I don't get too political here...it's mostly astronomy and science. Sometimes, however, crazy politics turns up in the place you least expect.
There is a website called Conservapedia (I am not linking to them because, well, I don't have to). It is the Conservative version of the universe without always a sound grasp of reality. Now I expect them to rag on the traditional hot button topics such as stem cell research, evolution and global warming.
Today it came to my attention that they have also included Einstein's Theory of relativity as an example of liberal science! To which I can only say, WTF? I have read all 24 of the "counterexamples" which Conservapedia claim disprove relativity. Whoever wrote this list obviously have never taken a single course in relativity or astronomy. Don't let the "footnotes" fool you. I have followed a couple of them to the cited papers and the papers don't support what they say at all (such as their objection to the Pulsar PSRB1913+16. I read the paper and the graph clearly shows NO divergence from general relativity outside the experimental uncertainties).
Many of their "arguments" are philosophical assertions that have no basis in science. Anyone with an undergraduate degree in physics should be able to explain how a photon has momentum but not mass, something that is beyond the comprehension of Conservapedia (leading me to believe they have less than an undergraduate education in physics). We have been measuring anisotropies in the cosmic microwave background for 20 years now with COBE, WMAP and now Planck, news that seems to have yet to reach Conservapedia.
They even try to deny the role relativity plays in GPS systems. They cite something from the "Time Service Department, US Navy" which as near as I can tell, doesn't exist (maybe they mean the U.S. Naval Observatory). Typing their claim into google yields hits that lead to (surprise!) Conservapedia! Claiming a non-existent agency said something is hardly proof (and the USNO did not say it either!) It is easy to find details on the GPS use of relativity.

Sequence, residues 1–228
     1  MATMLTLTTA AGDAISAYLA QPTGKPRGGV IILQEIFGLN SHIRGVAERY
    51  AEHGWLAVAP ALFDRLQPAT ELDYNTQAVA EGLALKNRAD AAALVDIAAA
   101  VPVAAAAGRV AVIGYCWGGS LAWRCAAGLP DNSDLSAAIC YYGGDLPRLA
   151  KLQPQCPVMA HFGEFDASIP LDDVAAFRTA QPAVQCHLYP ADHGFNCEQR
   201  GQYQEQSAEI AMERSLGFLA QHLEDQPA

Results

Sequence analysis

I believe I have found where this comes from, a paper titled, "GPS AND RELATIVITY: AN ENGINEERING OVERVIEW" by .Henry F. Fliegel and Raymond S. DiEsposti.
First, the original quote in context.
"The Operational Control System (OCS) of the Global Positioning System (GPS) does not
include the rigorous transformations between coordinate systems that Einstein's general theory
of relativity would seem to require - transformations to and from the individual space vehicles
(SVs), the Monitor Stations (MSs), and the users on the surface of the rotating earth, and the
geocentric Earth Centered Inertial System (ECI) in which the SV orbits are calculated. There
is a very good reason for the omission: the effects of relativity, where they are different from
the effects predicted by classical mechanics and electromagnetic theory, are too small to matter
- less than one centimeter, for users on or near the earth."
If I may further quote from the paper,
"If two observers determine what intuitively we call the same quantity - the distance between two points, or the time interval between two events - they will measure different lengths and times, if (1) they are moving with respect to each other, (2) one is higher or lower than another in a gravitational field, or (3) one is accelerating with respect to the other. Users of GPS encounter all three effects, and should correct their measurements accordingly, by formulas which we now explain."
Allow me to translate...there are lots of relativity effects GPS must take into account...but there is ONE really small correction due to a coordinate system change that is too small to matter.
I could go through and do the same analysis for all the claims, but that would be a waste of my time (and who would want to read the resulting document?)
Einstein's theories of Special and General Relativity have passed some of the most rigorous tests in any field of science. There are still puzzles to be worked out, but Conservapedia is zero for 24 in understanding them.Reprinted with permission from the Half-Astrophysicist Blog.